Dopamine and sleep have been independently linked with hippocampus-dependent learning. Since D2 dopaminergic transmission is required for the occurrence of rapid-eye-movement (REM) sleep, it is possible that dopamine affects learning by way of changes in post-acquisition REM sleep. To investigate this hypothesis, we first assessed whether D2 dopaminergic modulation in mice affects novel object preference, a hippocampus-dependent task. Animals trained in the dark period, when sleep is reduced, did not improve significantly in performance when tested 24h after training. In contrast, animals trained in the sleep-rich light period showed significant learning after 24h. When injected with the D2 inverse agonist haloperidol immediately after the exploration of novel objects, animals trained in the light period showed reduced novelty preference upon retesting 24h later. Next we investigated whether haloperidol affected the protein levels of plasticity factors shown to be up-regulated in an experience-dependent manner during REM sleep. Haloperidol decreased post-exploration hippocampal protein levels at 3h, 6h and 12h for phosphorylated Ca(2+)/calmodulin-dependent protein kinase II, at 6h for Zif-268; and at 12h for the brain-derived neurotrophic factor. Electrophysiological and kinematic recordings showed a significant decrease in the amount of REM sleep following haloperidol injection, while slow-wave sleep remained unaltered. Importantly, REM sleep decrease across animals was strongly correlated with deficits in novelty preference (Rho=0.56, p=0.012). Altogether, the results suggest that the dopaminergic regulation of REM sleep affects learning by modulating post-training levels of calcium-dependent plasticity factors.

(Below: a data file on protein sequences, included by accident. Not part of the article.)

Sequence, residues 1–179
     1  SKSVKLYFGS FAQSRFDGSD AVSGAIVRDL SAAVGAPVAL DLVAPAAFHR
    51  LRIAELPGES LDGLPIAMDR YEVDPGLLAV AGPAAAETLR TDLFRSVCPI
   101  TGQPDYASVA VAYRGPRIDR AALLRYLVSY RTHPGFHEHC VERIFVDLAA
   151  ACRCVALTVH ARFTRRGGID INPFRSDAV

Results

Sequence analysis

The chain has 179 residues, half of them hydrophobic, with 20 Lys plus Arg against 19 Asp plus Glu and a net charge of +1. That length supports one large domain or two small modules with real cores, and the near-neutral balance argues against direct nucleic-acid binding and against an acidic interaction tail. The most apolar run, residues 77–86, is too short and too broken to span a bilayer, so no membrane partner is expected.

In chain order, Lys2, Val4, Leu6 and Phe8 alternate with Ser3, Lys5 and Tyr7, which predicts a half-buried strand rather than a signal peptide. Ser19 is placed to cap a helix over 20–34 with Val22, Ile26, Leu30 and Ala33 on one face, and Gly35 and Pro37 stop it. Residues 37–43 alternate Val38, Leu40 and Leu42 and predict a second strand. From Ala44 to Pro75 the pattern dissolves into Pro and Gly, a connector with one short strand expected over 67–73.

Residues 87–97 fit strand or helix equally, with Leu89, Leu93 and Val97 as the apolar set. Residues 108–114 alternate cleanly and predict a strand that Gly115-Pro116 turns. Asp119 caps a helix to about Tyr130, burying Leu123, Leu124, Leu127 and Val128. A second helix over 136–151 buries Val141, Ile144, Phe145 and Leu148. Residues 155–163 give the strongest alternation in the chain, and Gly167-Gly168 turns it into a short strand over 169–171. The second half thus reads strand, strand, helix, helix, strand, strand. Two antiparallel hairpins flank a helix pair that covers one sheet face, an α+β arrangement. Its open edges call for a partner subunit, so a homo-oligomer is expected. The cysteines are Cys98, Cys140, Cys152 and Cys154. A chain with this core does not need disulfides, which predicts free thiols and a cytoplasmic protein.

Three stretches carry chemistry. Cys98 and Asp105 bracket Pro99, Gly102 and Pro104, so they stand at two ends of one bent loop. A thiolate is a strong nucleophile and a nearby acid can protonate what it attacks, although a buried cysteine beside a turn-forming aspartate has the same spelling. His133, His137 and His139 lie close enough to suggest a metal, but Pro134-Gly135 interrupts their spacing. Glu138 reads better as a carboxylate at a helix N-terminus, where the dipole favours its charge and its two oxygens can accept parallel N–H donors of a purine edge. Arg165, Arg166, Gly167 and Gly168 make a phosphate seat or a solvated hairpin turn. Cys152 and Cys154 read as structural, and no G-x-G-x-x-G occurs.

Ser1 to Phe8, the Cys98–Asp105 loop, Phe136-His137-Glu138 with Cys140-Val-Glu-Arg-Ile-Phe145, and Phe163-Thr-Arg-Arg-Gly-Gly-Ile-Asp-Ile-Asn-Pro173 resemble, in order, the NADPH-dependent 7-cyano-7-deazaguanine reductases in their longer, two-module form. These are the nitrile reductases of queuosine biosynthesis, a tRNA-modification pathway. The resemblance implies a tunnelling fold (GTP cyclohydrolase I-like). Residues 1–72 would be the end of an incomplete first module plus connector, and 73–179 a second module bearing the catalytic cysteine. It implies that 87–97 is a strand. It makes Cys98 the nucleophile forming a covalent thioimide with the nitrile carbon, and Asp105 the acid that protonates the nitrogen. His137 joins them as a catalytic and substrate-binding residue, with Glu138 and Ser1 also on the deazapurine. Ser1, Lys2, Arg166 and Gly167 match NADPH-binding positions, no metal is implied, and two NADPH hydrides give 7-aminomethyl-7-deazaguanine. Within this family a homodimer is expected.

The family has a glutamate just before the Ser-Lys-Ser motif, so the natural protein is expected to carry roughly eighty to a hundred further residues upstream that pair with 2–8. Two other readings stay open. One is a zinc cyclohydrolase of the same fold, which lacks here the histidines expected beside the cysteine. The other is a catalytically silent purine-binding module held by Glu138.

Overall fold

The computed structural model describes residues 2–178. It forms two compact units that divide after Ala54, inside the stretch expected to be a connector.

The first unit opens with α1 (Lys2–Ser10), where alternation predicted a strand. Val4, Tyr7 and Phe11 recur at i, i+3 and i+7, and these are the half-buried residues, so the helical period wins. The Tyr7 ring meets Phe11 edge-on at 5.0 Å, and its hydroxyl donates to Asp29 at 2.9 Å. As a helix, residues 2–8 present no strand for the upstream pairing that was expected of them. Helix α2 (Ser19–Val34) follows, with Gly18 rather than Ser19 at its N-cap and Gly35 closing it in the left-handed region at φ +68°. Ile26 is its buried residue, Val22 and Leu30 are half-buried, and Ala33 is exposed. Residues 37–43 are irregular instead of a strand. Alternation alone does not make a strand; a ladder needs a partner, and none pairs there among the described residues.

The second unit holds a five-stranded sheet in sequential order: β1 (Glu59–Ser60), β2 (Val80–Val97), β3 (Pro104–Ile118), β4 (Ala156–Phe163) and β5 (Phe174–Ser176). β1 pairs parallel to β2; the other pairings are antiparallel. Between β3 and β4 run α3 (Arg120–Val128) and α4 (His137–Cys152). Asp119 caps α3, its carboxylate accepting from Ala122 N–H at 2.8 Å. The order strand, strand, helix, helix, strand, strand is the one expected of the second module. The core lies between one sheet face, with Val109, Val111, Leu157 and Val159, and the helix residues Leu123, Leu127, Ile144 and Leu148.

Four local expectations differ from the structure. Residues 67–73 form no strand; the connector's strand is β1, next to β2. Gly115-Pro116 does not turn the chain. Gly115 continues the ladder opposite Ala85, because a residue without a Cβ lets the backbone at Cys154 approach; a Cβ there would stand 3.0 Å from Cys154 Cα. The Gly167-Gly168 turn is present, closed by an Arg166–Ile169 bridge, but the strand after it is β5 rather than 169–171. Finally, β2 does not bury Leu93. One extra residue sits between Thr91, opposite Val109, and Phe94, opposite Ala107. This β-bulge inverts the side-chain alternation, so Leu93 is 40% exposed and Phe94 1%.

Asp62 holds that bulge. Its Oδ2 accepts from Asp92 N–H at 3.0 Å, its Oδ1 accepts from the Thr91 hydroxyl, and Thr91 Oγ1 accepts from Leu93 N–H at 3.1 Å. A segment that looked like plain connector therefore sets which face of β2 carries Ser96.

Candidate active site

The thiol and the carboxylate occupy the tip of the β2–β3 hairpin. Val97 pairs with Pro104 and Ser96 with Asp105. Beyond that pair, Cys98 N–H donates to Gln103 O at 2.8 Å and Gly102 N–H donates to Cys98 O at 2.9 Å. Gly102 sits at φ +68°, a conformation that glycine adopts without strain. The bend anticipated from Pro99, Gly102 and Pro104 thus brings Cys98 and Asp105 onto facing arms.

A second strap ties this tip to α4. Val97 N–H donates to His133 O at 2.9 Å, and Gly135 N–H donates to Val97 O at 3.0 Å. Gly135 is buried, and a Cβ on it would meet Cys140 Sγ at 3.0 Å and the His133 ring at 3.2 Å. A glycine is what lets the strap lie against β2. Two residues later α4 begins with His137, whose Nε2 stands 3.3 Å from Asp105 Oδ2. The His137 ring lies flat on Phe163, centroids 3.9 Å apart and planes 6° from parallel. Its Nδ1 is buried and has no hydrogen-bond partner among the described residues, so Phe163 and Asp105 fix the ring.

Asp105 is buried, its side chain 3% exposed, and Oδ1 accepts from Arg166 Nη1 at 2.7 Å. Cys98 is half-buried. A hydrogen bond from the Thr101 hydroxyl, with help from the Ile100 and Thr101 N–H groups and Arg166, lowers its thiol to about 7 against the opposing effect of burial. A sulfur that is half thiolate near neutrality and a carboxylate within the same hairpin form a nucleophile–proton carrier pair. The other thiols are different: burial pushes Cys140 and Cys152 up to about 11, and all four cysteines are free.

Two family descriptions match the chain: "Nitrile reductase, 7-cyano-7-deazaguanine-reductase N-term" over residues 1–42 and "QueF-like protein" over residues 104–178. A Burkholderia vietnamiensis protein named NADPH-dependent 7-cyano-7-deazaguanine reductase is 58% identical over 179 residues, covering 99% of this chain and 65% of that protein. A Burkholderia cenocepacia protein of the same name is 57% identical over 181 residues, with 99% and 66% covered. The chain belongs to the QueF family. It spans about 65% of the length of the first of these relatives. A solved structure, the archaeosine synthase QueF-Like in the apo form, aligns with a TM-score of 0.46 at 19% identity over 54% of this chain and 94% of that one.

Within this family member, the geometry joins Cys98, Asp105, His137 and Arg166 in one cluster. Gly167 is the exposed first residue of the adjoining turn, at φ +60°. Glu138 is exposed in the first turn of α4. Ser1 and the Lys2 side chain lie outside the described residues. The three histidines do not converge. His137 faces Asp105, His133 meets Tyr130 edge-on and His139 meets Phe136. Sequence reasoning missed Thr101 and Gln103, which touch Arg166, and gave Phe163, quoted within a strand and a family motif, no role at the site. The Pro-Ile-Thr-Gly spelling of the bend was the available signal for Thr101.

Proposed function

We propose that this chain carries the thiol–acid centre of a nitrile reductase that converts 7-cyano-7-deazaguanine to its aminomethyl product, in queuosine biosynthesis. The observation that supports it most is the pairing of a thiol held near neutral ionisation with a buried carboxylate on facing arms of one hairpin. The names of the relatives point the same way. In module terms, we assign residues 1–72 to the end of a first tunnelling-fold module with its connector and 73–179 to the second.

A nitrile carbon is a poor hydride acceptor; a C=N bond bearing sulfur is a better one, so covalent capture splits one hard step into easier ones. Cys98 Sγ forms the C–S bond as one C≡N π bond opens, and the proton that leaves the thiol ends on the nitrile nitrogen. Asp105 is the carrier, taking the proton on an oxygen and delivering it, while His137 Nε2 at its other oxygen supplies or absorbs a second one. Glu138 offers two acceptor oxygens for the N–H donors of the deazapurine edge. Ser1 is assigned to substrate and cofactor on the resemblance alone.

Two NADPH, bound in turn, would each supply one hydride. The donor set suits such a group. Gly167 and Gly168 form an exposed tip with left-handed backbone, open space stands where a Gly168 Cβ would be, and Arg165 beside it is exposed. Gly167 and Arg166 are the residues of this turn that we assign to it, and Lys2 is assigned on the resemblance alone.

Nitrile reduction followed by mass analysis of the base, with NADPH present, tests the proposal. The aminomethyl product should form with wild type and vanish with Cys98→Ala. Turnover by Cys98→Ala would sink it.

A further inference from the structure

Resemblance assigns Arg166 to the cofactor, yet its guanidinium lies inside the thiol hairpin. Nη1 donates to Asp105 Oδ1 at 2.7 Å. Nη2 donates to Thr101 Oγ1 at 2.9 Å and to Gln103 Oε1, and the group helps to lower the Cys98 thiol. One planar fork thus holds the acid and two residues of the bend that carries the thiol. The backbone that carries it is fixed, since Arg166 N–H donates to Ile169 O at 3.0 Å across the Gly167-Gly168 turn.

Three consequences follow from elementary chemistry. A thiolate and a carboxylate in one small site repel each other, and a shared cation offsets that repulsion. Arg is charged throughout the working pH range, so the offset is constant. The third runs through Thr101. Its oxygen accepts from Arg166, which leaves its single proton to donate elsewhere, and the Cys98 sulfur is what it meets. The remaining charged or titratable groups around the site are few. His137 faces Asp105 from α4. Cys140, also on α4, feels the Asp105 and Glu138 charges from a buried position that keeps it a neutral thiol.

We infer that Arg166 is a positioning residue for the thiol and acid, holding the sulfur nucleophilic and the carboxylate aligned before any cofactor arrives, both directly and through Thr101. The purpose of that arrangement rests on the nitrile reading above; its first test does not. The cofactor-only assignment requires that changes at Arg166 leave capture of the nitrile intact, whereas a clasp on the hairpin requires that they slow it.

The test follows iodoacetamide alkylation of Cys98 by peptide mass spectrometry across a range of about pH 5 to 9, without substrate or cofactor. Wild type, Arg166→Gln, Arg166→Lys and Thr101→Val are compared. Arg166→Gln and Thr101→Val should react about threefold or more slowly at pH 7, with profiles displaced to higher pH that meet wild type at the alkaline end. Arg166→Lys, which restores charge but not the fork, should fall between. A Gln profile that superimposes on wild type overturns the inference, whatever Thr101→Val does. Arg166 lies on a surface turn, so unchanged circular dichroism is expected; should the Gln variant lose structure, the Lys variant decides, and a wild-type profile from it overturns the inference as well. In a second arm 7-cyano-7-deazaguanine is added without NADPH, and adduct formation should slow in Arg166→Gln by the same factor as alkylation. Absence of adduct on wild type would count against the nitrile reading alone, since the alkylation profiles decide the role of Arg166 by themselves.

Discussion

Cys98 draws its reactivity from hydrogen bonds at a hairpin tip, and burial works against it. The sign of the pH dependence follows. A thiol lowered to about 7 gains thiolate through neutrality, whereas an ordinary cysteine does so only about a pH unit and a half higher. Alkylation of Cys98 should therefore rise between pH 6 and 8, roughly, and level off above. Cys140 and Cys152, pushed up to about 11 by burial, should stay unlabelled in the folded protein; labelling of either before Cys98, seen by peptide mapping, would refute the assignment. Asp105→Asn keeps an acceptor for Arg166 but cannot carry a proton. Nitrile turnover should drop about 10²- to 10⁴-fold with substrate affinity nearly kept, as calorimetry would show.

Keywords: BDNF; CaMKII; Haloperidol; Object recognition; REM sleep; Zif-268.
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